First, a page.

By Rosalind Cooper
For years employers across Canada have struggled with the difference between independent contractors and employees. Individuals believed to be independent contractors are often classified as employees after their relationship ends, leading to liability for employment-related severance and other amounts.
The courts, human rights tribunals, and other administrative tribunals are constantly grappling with this issue. Most recently, the Ontario Court of Appeal had to consider the decision in the context of whether independent contractor truck drivers were workers within the meaning of the Ontario Occupational Health and Safety Act (OHSA).
How the case arose
This case arose because a company, with 11 full-time employees, didn't have a joint health and safety committee. The OHSA requires a joint health and safety committee only where there are 20 or more workers that are "regularly employed" at a workplace. In counting its workers regularly employed at the workplace, the company didn't include its independent contractor truck drivers.
The Ministry of Labour took a different view. It decided that the independent contractors should be included. As such, the company was violating the OHSA by failing to establish and maintain a joint health and safety committee.
Lower court decisions
The case ended up in trial court where the court agreed with the company's analysis. The court based its decision on a previous decision of the Ontario Labour Relations Board, where the words "regularly employed" in the OHSA were determined to apply only to workers who had a traditional employment relationship with employers. In deciding that the truck drivers didn't have a traditional employment relationship, the court considered that:
- the truck drivers were independent owners/operators;
- the company didn't own any of the trucks;
- the company was a dispatch business;
- the truck drivers paid the company a fee for its dispatch services and paid all taxes, fees, and tolls;
- the truck drivers arranged and paid for their own Ontario Workplace Safety and Insurance Board coverage; and
- the drivers didn't operate from offices of the company; they went there only to submit paperwork.
The Ministry of Labour appealed the decision to the Ontario Court of Justice, which agreed with the trial court. It went further and acknowledged that the truck drivers:
- were entitled to refuse employment opportunities offered by the company;
- could work for themselves or someone else;
- owned and maintained their own vehicles; and
- commonly structured their trucking services as independent businesses.
Court of Appeal comes to different conclusion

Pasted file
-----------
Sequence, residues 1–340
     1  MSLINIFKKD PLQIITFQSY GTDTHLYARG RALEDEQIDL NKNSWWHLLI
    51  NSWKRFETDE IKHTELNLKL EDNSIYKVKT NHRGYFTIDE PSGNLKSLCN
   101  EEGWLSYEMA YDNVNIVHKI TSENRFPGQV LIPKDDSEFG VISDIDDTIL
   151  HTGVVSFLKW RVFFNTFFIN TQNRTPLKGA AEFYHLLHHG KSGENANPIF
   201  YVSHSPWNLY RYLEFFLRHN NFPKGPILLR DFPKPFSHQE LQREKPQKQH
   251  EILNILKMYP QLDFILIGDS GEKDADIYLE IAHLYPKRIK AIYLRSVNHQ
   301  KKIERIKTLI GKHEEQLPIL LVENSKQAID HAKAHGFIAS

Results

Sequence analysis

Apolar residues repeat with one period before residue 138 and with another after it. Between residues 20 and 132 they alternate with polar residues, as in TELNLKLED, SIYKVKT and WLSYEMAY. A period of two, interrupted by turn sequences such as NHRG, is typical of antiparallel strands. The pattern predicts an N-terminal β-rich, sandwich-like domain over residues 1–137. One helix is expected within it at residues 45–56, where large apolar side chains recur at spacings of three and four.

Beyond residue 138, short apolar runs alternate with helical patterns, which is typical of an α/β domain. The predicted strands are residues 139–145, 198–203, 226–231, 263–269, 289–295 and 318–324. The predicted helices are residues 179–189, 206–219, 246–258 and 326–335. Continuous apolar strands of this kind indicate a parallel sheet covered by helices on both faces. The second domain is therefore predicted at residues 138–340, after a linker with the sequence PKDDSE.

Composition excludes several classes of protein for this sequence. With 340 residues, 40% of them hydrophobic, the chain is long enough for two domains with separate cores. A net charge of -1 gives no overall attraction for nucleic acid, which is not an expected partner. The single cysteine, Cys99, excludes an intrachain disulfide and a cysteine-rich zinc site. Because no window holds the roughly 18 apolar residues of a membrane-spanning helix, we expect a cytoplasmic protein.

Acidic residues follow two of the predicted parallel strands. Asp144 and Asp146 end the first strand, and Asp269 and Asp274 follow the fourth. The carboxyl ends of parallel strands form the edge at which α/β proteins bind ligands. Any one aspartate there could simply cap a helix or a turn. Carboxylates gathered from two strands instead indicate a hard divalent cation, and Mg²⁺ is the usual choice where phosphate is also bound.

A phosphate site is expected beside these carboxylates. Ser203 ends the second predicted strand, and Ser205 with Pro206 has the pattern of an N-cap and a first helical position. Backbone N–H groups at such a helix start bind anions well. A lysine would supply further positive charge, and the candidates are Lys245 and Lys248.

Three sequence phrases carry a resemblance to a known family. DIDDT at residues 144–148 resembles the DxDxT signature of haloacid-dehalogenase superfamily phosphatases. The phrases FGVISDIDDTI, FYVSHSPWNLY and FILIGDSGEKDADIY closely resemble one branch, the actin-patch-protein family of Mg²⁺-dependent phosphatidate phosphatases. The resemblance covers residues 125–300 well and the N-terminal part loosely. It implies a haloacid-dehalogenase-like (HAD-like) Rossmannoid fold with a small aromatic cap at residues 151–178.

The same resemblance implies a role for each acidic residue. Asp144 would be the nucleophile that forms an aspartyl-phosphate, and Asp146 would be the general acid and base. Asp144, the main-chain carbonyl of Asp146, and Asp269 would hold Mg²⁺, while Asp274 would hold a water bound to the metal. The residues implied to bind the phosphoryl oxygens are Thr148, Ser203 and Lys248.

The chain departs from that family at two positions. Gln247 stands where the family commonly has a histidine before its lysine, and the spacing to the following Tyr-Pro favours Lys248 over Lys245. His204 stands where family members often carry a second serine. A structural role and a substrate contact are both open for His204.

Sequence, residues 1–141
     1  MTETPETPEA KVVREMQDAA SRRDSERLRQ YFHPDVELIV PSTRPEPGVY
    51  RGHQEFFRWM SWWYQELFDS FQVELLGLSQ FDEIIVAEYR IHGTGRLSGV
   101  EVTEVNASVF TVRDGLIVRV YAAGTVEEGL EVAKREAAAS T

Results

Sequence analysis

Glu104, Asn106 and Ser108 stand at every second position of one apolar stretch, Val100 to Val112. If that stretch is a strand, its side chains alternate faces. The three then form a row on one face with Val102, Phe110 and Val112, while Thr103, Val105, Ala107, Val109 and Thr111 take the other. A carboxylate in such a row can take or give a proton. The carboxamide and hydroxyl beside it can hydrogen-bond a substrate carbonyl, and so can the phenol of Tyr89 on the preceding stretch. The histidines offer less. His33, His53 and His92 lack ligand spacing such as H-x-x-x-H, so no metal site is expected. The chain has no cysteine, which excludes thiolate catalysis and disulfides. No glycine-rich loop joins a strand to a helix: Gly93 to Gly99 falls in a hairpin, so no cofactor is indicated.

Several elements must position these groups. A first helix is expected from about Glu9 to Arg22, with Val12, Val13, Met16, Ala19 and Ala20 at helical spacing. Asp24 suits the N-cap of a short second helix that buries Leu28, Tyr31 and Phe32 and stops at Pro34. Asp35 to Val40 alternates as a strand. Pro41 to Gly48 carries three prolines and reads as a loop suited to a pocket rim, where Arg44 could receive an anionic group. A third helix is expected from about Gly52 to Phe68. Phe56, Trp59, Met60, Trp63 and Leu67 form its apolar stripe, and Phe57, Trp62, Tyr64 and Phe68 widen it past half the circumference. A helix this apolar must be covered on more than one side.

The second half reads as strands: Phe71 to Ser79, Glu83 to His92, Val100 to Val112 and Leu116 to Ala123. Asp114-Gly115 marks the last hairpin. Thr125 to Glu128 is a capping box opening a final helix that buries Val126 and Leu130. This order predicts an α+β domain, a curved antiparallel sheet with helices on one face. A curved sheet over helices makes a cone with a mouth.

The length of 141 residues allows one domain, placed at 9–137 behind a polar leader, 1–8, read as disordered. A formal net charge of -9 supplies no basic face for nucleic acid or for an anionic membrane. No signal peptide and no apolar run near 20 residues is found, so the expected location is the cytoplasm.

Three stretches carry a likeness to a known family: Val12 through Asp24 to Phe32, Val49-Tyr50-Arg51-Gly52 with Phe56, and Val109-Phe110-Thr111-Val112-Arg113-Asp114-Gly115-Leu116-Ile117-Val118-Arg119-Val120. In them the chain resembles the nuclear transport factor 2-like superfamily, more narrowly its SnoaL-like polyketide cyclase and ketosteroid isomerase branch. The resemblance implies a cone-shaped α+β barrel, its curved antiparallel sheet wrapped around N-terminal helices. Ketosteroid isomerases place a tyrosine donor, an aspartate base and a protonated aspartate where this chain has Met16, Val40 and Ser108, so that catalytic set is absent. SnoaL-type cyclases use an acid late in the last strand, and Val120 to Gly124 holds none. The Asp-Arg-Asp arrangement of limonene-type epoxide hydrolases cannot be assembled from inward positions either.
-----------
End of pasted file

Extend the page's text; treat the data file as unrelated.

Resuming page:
The Ministry of Labour appealed further, this time to the Ontario Court of Appeal. Here, the company wasn't so lucky. The Court of Appeal unanimously decided that the truck drivers were "regularly employed" by the company. As such, they should be counted in determining whether the company had an obligation to establish and maintain a joint health and safety committee.
In making its decision, the Court of Appeal said that the phrase "regularly employed" should be interpreted generously rather than narrowly -- in order to guarantee a minimum level of protection for the health and safety of workers. In coming to its conclusion, the Court of Appeal:
- determined that the truck drivers were "employed" by the company. In doing so, it relied on the definition of "employer" in the OHSA as "a person who employs one or more workers or contracts for the services of one or more workers and includes a contractor or subcontractor who performs work or supplies services;" and
- determined that they were "regularly" employed based on the dictionary definition of "regularly." The Court of Appeal said that this term is analogous with "normal," "customary," and "usual" and that the evidence showed it was normal or customary for the company to have between 30 and 140 drivers working for it.
Significance of decision
This is the first time a Canadian court has considered whether independent contractor workers are to be included when determining whether an employer must establish and maintain a joint health and safety committee under the OHSA. This ruling will have ramifications for the interpretation of other provisions of the OHSA and health and safety statutes across the country with similar wording.
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Want to learn more about Canadian employment law for U.S. employers? Call or email Dominique Monet, national group leader, Labor, Employment & Human Rights Group, at Fasken Martineau to receive a free copy of the firm's Doing Business in Canada special report. Call Dominique at (514) 397 7425 or send him an email.